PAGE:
In brief

  • Bitcoin’s average transaction value has reached levels not seen in more than a year, topping $129,000 on September 17.
  • Addresses sending and receiving Bitcoin have also been at sustained levels since late August.
  • Bitcoin's got life left in it, yet.

As the bull run continues, the average value of a Bitcoin transaction is at its highest level in over a year, and active addresses have sustained levels close to all-time highs.

The average value of Bitcoin sent in a single transaction has reached its highest level in more than a year, hitting a peak of more than $129,000 on September 17 according to blockchain data provider BitInfoCharts.

The last time Bitcoin's average transaction value rose above $121,000 was in August 2019, when one or a few massive transactions pushed the total to more than $812,000 on average. And that was an anomaly; the average cost of a Bitcoin transaction hasn't been this high since late 2017, when Bitcoin's price hit its all-time high price of just below $20,000.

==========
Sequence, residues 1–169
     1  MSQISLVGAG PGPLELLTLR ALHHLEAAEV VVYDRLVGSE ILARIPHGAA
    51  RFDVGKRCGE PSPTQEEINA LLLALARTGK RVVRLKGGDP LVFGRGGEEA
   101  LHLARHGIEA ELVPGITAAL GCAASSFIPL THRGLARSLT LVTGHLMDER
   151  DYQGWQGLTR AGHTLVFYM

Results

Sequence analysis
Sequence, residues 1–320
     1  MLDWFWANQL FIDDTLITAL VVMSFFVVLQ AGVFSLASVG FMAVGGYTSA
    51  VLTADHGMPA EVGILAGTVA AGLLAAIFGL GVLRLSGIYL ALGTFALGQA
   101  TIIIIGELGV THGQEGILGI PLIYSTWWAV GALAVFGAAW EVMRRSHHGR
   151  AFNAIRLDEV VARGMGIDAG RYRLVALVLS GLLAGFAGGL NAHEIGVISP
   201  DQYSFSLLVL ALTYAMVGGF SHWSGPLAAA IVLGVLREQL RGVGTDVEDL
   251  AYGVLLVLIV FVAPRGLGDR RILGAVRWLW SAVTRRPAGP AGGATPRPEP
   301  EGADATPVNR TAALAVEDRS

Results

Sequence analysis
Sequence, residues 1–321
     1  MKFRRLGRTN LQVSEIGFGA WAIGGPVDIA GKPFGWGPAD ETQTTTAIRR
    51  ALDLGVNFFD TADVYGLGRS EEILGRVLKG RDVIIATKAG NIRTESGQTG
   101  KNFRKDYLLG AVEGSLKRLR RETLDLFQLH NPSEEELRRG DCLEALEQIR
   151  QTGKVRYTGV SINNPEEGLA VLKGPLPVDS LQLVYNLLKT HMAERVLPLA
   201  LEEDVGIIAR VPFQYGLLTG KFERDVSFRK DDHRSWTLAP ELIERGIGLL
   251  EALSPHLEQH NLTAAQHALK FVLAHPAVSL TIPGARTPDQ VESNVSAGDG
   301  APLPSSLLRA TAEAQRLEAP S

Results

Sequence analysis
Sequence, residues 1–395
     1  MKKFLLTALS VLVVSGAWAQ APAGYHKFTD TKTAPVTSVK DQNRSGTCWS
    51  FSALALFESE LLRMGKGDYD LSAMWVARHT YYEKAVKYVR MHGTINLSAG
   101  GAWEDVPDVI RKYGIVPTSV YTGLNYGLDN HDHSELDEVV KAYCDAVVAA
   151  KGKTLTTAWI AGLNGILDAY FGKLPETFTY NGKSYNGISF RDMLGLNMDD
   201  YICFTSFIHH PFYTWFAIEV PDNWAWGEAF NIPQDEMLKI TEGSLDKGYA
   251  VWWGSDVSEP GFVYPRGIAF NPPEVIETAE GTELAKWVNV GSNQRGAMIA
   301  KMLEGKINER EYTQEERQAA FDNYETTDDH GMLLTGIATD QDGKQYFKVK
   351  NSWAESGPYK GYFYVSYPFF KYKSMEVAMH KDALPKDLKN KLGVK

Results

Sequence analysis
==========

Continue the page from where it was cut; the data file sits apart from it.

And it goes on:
The latest rise is a sign of sustained, heightened activity on the Bitcoin blockchain. Coinciding with this, other crypto networks are seeing their own record-breaking activity.

A surge of activity

The number of Bitcoin active addresses, i.e. the number of unique addresses sending and receiving transactions each day, are also at their highest level since late 2017. Active addresses have averaged around 850,000 transactions per day since the last week of August.

In late 2017, when Bitcoin hit its all-time high price, daily active Bitcoin addresses averaged close to 1 million.

Bitcoin trading on the rise

Ethereum-based DeFi applications, decentralized versions of financial services like loan providers and interest-bearing products backed by crypto, have attracted much of the attention within the crypto ecosystem in 2020, but Bitcoin hasn’t been left behind. 

Bitcoin futures trading has reached record levels on some exchanges, and the number of Bitcoin ATMs installed around the globe recently crossed the 10,000 mark.

DeFi may be stealing the show, but Bitcoin network stats reveal that the original crypto asset isn’t likely to be left behind.